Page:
Homily for Tuesday of the 33rd Week in Ordinary Time Cycle I (1)

Homily for Tuesday of the 33rd Week in Ordinary Time Cycle I


By: Rev Fr Utazi Prince Marie Benignus


Homily for Tuesday November 16 2021


2 Maccabees 6: 18-31; Psalm 3: 2-3, 4-5, 6-7; Luke 19: 1-10

I pray for you: May you continue to be strengthened in your faith and be willing to stand up for what you believe. AMEN
Most people do not like confrontation. They will do almost anything to avoid being ridiculed or forced to speak out in a way which will cause others to verbally or physically attack them. Yet, there are occasions when it is important, and imperative, to take a stand for what we hold as important aspects of who we are and what we believe. When we have the courage to stand up for what we value, even to the point of being put down (figuratively or literally), then people will know what we hold as our treasures. Hopefully our relationship to the Lord Jesus will be one aspect of our lives for which we are willing to give witness. ​
Today’s readings give us accounts of individuals who were willing to publicly give witness to their allegiance to God.

The First Reading presents Eleazar, an aged Jewish scribe, who is willing to die rather than defile himself by eating meat forbidden by the law of God.The aged Eleazar is respected by his contemporaries. However, when it comes down to making a choice of adhering to the law or going along with his friends, he chooses to be faithful to his relationship with God. The Greek ruler had passed a law that all people had to eat pork, which is against the Jewish faith. Eleazars friends pull him aside and suggest that he substitute another meat for pork and therefore obey his conscious and still appear to be doing what the Greek oppressors requested. Eleazar stands firm in his being faithful. He does not want to give a false impression, especially to the youth who would think that he had deserted the ways of the Jewish faith. He is willing to be flogged to death as a witness to his relationship with God.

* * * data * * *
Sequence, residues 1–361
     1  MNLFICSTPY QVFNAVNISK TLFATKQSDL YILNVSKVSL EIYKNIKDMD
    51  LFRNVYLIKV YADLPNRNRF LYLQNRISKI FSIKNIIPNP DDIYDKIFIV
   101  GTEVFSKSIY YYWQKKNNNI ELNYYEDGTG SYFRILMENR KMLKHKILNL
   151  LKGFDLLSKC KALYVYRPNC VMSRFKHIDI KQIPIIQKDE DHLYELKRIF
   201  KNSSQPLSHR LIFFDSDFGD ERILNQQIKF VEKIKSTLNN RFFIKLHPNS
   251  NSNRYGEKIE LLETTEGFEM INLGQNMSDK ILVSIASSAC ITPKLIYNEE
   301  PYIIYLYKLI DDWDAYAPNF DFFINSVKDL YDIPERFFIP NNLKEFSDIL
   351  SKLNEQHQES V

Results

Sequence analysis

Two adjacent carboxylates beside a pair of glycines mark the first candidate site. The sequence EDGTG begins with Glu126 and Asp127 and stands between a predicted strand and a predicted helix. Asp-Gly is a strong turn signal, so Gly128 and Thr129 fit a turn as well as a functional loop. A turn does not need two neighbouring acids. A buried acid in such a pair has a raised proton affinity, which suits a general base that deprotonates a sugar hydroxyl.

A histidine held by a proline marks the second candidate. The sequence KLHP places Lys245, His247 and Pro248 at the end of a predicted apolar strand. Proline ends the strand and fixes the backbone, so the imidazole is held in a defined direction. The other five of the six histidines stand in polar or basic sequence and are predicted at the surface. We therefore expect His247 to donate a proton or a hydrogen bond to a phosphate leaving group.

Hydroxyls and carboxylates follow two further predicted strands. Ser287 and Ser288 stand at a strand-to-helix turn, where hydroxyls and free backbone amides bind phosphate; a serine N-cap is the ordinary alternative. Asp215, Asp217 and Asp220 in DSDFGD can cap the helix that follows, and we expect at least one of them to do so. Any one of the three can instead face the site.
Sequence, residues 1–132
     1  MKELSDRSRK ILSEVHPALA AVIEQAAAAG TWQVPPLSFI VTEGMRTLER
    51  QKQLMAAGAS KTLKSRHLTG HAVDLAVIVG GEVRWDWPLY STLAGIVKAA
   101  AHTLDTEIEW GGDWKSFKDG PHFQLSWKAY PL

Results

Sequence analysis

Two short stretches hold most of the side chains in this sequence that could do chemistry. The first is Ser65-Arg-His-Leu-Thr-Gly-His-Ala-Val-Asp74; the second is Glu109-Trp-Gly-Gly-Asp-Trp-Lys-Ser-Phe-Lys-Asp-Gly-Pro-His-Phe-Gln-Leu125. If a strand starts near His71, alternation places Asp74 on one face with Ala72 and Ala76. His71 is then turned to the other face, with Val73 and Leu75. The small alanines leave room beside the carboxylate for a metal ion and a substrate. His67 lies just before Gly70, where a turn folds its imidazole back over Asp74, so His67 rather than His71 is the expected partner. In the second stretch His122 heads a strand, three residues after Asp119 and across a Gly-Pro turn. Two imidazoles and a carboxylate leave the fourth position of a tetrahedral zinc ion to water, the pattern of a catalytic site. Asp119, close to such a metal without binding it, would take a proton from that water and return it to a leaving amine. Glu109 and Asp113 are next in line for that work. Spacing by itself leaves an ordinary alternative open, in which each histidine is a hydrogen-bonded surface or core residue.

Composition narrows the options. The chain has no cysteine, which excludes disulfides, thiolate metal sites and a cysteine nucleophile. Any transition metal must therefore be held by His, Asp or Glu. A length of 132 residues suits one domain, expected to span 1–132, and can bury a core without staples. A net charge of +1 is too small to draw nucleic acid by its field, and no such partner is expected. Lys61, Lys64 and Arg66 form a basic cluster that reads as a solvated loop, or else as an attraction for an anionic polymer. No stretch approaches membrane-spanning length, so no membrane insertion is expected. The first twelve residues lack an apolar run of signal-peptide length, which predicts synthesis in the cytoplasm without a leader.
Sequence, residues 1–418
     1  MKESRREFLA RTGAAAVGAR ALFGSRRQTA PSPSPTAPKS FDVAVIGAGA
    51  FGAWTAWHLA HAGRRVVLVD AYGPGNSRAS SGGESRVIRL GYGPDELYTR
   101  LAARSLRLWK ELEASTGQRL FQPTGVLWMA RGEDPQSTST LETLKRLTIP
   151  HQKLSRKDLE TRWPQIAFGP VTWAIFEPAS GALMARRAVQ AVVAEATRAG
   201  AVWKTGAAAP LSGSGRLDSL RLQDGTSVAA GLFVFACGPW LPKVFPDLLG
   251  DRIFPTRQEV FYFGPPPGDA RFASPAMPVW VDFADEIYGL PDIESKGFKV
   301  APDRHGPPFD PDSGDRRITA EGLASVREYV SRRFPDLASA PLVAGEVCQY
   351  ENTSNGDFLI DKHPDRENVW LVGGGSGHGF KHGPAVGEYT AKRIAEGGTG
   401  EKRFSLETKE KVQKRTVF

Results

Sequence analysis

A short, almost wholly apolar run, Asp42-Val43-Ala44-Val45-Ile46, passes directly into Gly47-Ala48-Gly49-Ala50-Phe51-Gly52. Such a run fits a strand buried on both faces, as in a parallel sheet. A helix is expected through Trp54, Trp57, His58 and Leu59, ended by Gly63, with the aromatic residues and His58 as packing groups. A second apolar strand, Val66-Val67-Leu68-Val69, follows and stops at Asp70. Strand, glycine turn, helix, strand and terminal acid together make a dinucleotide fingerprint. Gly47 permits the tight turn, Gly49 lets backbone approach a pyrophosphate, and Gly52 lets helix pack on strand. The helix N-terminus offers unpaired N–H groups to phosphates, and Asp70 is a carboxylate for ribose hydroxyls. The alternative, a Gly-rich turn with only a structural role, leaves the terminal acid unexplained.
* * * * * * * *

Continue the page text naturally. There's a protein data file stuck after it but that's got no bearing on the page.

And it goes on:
The Responsorial Psalm is a declaration of the faith in God, even in the face of adversity. The psalmist seems to be in a similar position as Eleazar. His opponents are threatening him. Yet like Eleazar, he stands firm with his faith in God.

In the Gospel, Zacchaeus, a tax collector, professes his new found faith and his purpose of amending the wrongs he had done. As Jesus continues His journey to Jerusalem, He passes Jericho. There, a short tax collector hears about Jesus passing nearby. The tax collector, named Zacchaeus, has heard about Jesus, and wants to see Him, but two things prevent Zacchaeus from seeing Jesus. First, he is short and cannot see past the crowd of taller people. Second, since he is a tax collector, he is despised by the people who refuse to let him get in a position where he can see Jesus. Using some of the cleverness he has as a tax collector, but doing something unbecoming for a man of his position, he runs ahead of the amassing crowd and climbs a sycamore tree so he can see Jesus. As Jesus pass under the tree, He looks up and spies Zacchaeus. HE CALLS ZACCHAEUS BY NAME and orders him to come down from the tree. Jesus then informs him that He will be eating at his house that day. At the dinner, Zacchaeus professes his new found belief in Jesus and shows that he is committed to change in his life. First, he promises to give half of his wealth to the poor.